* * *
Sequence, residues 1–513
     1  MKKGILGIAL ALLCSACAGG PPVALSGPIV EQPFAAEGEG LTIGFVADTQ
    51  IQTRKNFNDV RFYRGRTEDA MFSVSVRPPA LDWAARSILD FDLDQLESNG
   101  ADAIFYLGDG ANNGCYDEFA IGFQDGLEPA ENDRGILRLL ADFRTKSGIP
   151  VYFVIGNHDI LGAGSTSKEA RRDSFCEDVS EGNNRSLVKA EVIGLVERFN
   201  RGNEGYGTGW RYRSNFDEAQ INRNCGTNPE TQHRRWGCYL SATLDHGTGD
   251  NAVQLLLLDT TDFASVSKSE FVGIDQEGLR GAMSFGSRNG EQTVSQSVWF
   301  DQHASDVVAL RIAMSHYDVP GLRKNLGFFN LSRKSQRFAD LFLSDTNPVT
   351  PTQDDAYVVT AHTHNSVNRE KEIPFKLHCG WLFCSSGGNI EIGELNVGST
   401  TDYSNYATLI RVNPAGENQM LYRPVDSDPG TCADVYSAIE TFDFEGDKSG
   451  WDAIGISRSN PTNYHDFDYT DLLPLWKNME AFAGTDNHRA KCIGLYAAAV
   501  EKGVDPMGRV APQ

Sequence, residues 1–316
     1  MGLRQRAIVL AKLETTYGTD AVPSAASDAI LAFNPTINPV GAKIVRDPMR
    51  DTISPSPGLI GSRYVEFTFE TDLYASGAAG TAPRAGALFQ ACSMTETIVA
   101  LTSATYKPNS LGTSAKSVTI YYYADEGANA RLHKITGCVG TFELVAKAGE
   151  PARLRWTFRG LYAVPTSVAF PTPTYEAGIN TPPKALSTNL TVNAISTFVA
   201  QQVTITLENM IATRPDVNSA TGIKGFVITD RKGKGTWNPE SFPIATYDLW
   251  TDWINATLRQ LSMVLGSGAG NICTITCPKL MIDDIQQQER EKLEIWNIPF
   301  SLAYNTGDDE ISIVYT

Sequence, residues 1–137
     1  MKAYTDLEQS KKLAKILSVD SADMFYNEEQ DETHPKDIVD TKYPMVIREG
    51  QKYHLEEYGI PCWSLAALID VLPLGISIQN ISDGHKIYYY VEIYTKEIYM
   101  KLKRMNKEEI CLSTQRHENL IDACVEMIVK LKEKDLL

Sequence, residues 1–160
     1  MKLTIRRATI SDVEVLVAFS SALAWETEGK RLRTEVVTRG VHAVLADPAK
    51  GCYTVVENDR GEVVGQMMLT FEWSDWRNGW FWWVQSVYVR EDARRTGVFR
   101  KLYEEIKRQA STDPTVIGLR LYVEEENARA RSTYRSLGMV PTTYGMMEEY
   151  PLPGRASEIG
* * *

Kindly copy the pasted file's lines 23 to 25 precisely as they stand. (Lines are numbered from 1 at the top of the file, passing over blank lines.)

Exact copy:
    51  QKYHLEEYGI PCWSLAALID VLPLGISIQN ISDGHKIYYY VEIYTKEIYM
   101  KLKRMNKEEI CLSTQRHENL IDACVEMIVK LKEKDLL

Sequence, residues 1–160